As were were close to some shopping (how can you not be in NY?) we thought it was a good chance to do some whilst checking out of one hotel and into the next.
So off we went. Headed for Macy’s as they have a huge selection and always discounted. Steve has a thing for shopping. He does it maybe once a year and just goes crazy! I don’t. I tend to take too long and feel I’m wasting time.
So we separated and decided to meet up back at the hotel.
I walked to the New York Public Library. I’ve been to NY several times but never to the Library.
The inside is massive and marble and so welcoming. Take a peek.
The reading room has gold lights where Boston had green.
Spring is finally coming to NYC! And the plantings are everywhere.
We met up and moved to our new hotel in the Meatpacking area. The Gansevoort Meatpacking Hotel. It’s great. Just near Chelsea Markets and the High Line walk.
We have a great room overlooking 14th Street. It’s a pretty trendy place! And they upgraded our room as I said how disappointed Steve was to hear the pool was closed for maintenance.
We got settled and waited for our friends to arrive. Elizabeth and Peter McGregor from waterpolo days are here with two other couples staying in an apartment a block away.
We met for a drink on our rooftop and then we made our way down Bleeker St for dinner with Rob & Jordan. We were joining in their traditional “West Village Wednesday” dinner. They eat somewhere new every Wednesday!
The view, the food, the atmosphere and the restaurant itself. It has a $80 a head, 3 course set menu. If you pair with wines add $58, or choose from a well-selected, well-priced wine menu. There are about 5 choices in each course. They give generous breads with pate to start and 2 lovely chocolates at the end.
So you know what you are going to be paying. And it’s all delicious. And NO tipping! In NY that’s amazing. They practically chase you down for tips here. But this restaurant has a no-tipping policy and the staff couldn’t be nicer.
It was lovely spending time with the kids.
We started with drinks and admired the view. You can see Rob’s office from here. Right on Wall Street. See the arrow in the photo pointing at it.
It was a great night and even the subway trip home was entertaining!
Somehow everything looks gorgeous when the sun is out.
Our hotel right on Thames Street is perfect. We slept in, then decided to make it a walking day. The mansions, the cliff walk and the museums. Too much? Keep reading.
When planning a walking day you start with coffee. We had bananas and blueberries at our hotel. Enough we thought. We just needed coffee. So along Thames Street we walked and found a great Italian place open for breakfast. Suddenly Steve needed a French toast.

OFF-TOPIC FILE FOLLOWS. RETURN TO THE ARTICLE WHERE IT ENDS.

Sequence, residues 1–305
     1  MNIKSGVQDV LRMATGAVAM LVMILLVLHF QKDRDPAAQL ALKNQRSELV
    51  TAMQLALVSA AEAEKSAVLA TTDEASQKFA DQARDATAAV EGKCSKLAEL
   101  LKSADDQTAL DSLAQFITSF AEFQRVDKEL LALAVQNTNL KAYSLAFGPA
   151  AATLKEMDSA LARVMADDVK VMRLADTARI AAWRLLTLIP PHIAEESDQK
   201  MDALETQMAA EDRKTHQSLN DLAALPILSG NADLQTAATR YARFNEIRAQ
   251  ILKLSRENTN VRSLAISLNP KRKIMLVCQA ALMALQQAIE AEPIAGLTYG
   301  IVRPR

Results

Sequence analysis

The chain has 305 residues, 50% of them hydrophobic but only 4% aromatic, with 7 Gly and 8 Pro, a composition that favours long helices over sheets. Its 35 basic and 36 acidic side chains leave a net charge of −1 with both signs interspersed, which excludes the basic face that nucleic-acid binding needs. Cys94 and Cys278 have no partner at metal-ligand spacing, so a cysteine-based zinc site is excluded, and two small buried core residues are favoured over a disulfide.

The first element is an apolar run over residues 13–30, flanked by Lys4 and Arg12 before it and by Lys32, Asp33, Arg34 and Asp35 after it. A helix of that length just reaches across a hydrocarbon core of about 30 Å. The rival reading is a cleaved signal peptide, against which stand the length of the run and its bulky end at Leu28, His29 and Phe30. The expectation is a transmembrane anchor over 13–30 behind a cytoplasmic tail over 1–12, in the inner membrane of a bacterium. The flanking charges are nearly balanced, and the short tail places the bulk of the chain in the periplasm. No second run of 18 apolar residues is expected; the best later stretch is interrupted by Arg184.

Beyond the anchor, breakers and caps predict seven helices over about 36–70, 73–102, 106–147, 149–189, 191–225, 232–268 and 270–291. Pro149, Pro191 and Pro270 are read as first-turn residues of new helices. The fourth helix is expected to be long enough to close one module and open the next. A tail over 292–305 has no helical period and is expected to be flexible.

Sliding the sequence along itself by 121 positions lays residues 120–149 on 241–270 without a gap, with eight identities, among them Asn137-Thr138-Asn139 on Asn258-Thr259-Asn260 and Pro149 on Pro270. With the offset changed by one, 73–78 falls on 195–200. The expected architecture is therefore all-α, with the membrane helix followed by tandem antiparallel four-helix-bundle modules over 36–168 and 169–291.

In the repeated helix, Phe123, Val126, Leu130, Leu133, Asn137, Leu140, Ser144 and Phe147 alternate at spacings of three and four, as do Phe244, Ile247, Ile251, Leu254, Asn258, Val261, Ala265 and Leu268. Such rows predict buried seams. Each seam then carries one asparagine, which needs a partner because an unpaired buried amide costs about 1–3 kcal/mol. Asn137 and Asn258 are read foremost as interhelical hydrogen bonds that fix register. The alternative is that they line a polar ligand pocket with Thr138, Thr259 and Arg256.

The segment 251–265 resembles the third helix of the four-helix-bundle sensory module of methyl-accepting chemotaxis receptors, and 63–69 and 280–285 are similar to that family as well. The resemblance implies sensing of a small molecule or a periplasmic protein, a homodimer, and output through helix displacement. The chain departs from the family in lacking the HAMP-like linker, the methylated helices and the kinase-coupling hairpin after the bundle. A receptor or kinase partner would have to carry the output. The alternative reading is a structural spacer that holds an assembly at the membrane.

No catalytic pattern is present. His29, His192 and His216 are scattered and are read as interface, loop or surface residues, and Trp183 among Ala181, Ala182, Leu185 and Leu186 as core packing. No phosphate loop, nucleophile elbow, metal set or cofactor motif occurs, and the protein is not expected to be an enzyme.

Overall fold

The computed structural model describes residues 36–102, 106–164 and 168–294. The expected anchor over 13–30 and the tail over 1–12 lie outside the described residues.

Oh my, was it delicious. I had a few mouthfuls. Must return tomorrow!
Then we headed up to Bellevue Avenue. Apparently it’s one of THE most beautiful streets in the US. First stop. The Elms.
Now if you haven’t been to this area you won’t quite understand the wealth on show. These people were wealthy and building big opulent houses was how they displayed their wealth.
We walked along Bellevue Ave and checked out the houses. They are amazing.
As well as the houses, the fences and gates are so decorative.
We walked and looked.
Loved this clock on the corner of a park
A modest sized house!
Next stop was Marble house. Not so modest!
“Marble House is a Gilded Age mansion in Newport. Designed as a summer cottage for Alva and William Kissam Vanderbilt by the society architect Richard Morris Hunt, it was unparalleled in opulence for an American house when it was completed in 1892”
Alva was quite the woman. She divorced William and married another multi-millionaire and moved down the street. Money attracts money!
Her daughter, Consuelo Vanderbilt was a encouraged to marry royalty! Her marriage to The English 9th Duke of Marlborough has become an emblem of the socially advantageous, but loveless, marriages common during the Gilded Age. She became a friend of Winston Churchill. ”
So off we went further down Bellevue Ave. Finally to the start of the cliff walk. It’s a beautiful walk along the cliffs in front of many of the grand houses.
They warn on a sign that it involves some rocky walking – and they were right. In lots of places there was no path. Just rocks.
We got talking to a lovely local couple. They gave us lots of information about the area and even suggested a drinks party tomorrow evening. It’s a pity we’re leaving !
Next stop was Breakers. It’s the big one! They are all big but this one is really big!